• If you have a rear cassette that ranges from 13 to 26 and has front chainrings of size 53/39, then you should choose a small cage derailleur.
    • If you have a rear cassette that ranges from 11 to 26 and front chainrings of size 53/39, then you should go for a medium cage derailleur
    • If you have a rear cassette that ranges from 11 to 42 and also a front chainring of size 52/36, then you will require a long cage derailleur.

Now for mountain bikes. If you have a mountain bike then you should consider one of the following options:

    • A ratio of 12-23 on your rear cassette with a front chainring of 36/26 will require you to get a small cage derailleur.
    • A range of 12-32 rear cassettes along with the front chainring of 36/24 will allow you to opt for a medium cage derailleur.
    • If you have an 11-42 ratio on your rear cassette accompanied by a front chainring of 38/24, then a long cage derailleur will be right for you.
    • Also, an 11-42 rear cassette accompanied by a 1X system chainring on the front, then a medium cage derailleur will be a great fit.

We are not stating that these options will be an exact match. These options are just to give you a better idea of how to get the correct derailleur cage size for your bike.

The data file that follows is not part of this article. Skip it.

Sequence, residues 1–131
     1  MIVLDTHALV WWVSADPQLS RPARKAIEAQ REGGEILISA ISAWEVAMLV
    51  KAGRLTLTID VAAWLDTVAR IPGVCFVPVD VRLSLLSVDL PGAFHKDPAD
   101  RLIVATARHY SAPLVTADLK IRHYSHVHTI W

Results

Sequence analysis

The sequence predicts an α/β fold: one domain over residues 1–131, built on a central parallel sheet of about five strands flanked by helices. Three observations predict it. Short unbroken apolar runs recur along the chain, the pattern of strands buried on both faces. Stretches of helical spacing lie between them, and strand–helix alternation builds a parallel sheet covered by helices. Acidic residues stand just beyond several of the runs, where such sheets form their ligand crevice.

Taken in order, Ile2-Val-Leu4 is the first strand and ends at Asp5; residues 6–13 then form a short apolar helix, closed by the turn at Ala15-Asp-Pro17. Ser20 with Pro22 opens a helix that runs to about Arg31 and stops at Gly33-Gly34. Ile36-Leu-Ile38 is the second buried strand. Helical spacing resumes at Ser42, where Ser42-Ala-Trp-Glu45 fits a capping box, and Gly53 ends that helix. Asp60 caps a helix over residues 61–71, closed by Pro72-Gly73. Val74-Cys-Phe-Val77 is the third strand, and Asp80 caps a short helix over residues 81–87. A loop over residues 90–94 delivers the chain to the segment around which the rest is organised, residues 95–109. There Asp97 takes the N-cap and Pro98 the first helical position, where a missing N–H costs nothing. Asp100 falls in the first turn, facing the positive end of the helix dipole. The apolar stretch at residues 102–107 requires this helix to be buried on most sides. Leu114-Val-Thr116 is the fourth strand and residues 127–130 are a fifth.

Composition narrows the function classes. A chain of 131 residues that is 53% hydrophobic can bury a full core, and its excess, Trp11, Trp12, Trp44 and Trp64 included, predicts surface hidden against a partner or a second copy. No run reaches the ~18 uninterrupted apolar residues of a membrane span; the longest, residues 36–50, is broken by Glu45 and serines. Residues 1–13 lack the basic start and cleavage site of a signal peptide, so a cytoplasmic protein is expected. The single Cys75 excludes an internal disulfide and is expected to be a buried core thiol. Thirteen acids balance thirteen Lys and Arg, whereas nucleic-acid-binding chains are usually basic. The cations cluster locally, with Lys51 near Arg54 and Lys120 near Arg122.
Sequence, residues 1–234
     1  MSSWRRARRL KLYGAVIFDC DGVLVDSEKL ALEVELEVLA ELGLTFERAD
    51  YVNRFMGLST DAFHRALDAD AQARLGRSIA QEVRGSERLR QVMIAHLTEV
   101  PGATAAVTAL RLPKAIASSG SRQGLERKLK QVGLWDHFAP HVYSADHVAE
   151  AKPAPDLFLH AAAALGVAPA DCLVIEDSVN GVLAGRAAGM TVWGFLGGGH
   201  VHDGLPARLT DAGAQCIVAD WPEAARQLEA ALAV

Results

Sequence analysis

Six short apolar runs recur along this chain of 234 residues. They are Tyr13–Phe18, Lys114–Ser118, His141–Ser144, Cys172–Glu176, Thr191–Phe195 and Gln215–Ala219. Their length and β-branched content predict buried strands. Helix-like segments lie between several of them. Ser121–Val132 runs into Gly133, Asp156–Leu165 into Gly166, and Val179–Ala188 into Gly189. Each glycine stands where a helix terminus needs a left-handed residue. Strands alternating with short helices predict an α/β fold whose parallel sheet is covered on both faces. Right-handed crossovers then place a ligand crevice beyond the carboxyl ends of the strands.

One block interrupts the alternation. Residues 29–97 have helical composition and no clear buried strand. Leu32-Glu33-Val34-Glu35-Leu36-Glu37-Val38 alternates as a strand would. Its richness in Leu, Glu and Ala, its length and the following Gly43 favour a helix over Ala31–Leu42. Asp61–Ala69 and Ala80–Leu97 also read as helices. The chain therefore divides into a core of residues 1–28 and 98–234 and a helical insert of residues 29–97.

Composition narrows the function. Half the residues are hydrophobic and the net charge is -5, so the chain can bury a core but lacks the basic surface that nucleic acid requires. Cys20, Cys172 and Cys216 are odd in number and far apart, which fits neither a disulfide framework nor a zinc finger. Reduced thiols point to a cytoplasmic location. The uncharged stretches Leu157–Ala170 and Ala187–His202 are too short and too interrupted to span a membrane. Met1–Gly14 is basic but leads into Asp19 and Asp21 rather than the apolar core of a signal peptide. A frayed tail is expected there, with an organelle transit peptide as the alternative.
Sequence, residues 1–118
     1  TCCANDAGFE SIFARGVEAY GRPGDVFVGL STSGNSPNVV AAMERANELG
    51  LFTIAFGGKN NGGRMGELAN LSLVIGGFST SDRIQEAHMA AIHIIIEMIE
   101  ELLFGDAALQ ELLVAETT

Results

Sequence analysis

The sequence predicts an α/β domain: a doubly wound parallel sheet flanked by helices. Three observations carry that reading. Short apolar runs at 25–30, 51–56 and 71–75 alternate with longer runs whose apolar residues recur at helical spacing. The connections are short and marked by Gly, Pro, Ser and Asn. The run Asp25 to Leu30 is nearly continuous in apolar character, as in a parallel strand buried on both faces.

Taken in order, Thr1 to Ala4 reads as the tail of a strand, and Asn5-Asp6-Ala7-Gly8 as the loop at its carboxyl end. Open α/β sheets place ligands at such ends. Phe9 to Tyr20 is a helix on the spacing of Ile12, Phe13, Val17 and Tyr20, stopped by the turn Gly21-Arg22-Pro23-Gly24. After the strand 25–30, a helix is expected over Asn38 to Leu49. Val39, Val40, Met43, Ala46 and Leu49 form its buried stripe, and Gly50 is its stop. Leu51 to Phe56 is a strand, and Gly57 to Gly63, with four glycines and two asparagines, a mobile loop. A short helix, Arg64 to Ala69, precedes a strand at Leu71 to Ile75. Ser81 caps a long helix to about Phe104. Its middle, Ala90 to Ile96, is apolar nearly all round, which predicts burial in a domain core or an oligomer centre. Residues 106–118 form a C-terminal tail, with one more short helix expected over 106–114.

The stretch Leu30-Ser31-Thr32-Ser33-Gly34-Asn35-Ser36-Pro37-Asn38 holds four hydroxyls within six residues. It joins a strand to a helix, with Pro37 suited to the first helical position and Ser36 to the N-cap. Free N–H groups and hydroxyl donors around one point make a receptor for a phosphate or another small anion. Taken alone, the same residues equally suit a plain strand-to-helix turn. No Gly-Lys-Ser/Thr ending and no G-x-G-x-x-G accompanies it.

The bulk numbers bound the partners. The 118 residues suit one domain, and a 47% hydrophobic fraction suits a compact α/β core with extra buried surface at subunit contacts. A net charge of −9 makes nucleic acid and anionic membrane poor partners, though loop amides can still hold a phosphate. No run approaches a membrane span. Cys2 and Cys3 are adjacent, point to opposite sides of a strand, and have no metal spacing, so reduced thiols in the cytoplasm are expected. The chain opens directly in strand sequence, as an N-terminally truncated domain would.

We hope that we have been able to provide you with the information that you were looking for. Our mission is to add value to your life so that you can get the best and the most fulfilling cycling experience. And we hope this article is successful in achieving that mission. So we wish you all the best for you and your cycling journey ahead. Take care and stay safe!

Dion Lewis

My name is Dion Lewis.I’ve been cycling since my childhood. When I was in high school, I started racing in our local competitions.In my college life, I took a part-time job in a bicycle shop and I learned how to repair and maintain bicycles professionally.Though I love racing, mountain biking is another thing I do frequently. My friends, neighbors, and colleagues treat me as an avid rider and take my suggestions while they plan for a new bike or bike gear.

1 Comment
  1. been cycling seriously for 70 years and have found that cage length is important more important is length from frame fix point to centre of upper guide pulley.Have seen cases where, with say a 34 cog the pulley clashes with the underside of such a large cog.Novice riders need to be aware of this.M.Hulme ,Blackpool.